To Become a Priest in Sri Lanka: Recruitment, Education and Mobility in a Catholic Seminary by Dr Bernardo E. Brown
Date : 22 Feb 2019
Time : 16:00 - 17:30
Venue : AS8, Level 4, Seminar Room 04-04
10 Kent Ridge Crescent, Singapore 119260
National University of Singapore @ KRC


Prof Kenneth Dean, Asia Research Institute, and Department of Chinese Studies, National University of Singapore


The steep decline in religious vocations over the last fifty years is a main concern for Catholic authorities who struggle to find solutions to the ‘vocation crisis’ in the Church. Although the number of men joining seminaries has remained low in western nations, they have grown steadily in former mission territories across Africa and Asia. The usual explanation given for this contrasting dynamic is that countries where secularism and liberalism are stronger are unable to attract young vocations, whereas countries where Catholic communities uphold traditional values have not yet lost their capacity to inspire young men to join the priesthood. I argue in this paper that such views reflect the position of Church authorities and theologians rather than the aspirations and anxieties that encourage young men in Sri Lanka to consider the priesthood as a career alternative.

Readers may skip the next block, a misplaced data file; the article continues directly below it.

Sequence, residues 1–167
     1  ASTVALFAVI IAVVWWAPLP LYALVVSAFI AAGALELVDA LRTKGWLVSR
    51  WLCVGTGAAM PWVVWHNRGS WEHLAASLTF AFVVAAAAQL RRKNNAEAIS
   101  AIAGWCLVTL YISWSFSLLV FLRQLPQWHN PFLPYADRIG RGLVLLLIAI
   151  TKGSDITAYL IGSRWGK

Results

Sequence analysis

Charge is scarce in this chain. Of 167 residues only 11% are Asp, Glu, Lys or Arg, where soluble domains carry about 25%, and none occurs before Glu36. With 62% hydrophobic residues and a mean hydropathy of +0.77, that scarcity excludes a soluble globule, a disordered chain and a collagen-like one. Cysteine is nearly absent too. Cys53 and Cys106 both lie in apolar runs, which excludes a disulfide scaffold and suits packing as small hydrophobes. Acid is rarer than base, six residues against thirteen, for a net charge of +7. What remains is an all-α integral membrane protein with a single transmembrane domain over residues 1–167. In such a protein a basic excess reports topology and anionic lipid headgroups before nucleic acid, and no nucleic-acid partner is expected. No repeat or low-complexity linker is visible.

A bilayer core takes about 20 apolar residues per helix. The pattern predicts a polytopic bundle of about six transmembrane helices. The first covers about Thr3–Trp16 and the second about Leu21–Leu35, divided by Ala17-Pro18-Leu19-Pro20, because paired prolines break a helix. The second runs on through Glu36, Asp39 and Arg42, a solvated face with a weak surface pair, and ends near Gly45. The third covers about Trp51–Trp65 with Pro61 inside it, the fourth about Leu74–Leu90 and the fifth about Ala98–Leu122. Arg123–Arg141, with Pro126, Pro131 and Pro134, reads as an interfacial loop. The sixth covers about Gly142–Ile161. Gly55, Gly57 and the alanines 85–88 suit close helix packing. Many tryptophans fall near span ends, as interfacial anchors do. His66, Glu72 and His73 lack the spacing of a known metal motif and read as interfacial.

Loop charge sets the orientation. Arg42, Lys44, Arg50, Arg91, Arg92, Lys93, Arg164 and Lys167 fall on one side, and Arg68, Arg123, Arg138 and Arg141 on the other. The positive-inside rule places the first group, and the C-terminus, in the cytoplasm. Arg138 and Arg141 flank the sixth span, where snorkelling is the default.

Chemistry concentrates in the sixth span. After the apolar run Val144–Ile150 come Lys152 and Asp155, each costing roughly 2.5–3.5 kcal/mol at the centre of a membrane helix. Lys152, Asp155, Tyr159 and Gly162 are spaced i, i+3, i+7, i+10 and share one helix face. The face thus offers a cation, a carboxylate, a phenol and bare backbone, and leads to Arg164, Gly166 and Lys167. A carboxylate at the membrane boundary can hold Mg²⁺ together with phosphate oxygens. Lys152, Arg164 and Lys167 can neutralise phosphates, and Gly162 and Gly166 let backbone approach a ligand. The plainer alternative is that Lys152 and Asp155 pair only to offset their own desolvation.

This presentation is based on ethnographic fieldwork conducted in Sri Lanka with Catholic men who are studying for the priesthood. Since 2014, I have worked with seminarians, formators, ordained priests and seminary authorities to interpret how are vocations cultivated in contemporary Sri Lanka. I suggest that seminary recruiters have a keen understanding of the aspirations of young men in Sri Lanka, and develop creative strategies to recruit young men to join the seminary. Highlighting aspects of career mobility, graduate studies overseas and missionary work, seminaries provide an important incentive and source of inspiration for prospective priests. My research thus attempts to reflect on how perceptions of ‘the calling’ and notions of what is a 'sincere' vocation are product of seminary work, rather than the precondition of a priestly career.


Bernardo E. Brown is Assistant Professor of Anthropology at the International Christian University in Tokyo, Japan. His current research projects focus on Catholic seminaries and priestly vocations in South and Southeast Asia. His work on return migration to Sri Lanka has been published in several journals including Anthropological Quarterly (2018), Ethnography (2015), The Australian Journal of Anthropology (2017) and South Asia: Journal of South Asian Studies (2015). With Brenda S.A. Yeoh, he edited Asian Migrants and Religious Experience. From Missionary Journeys to Labor Migration (AUP, 2018). He received a MA from the New School for Social Research and a PhD in Cultural Anthropology from Cornell University. Before joining ICU, he was Research Fellow at the Asia Research Institute, NUS and held a post-doctoral fellowship at the International Institute for Asian Studies in Leiden. 


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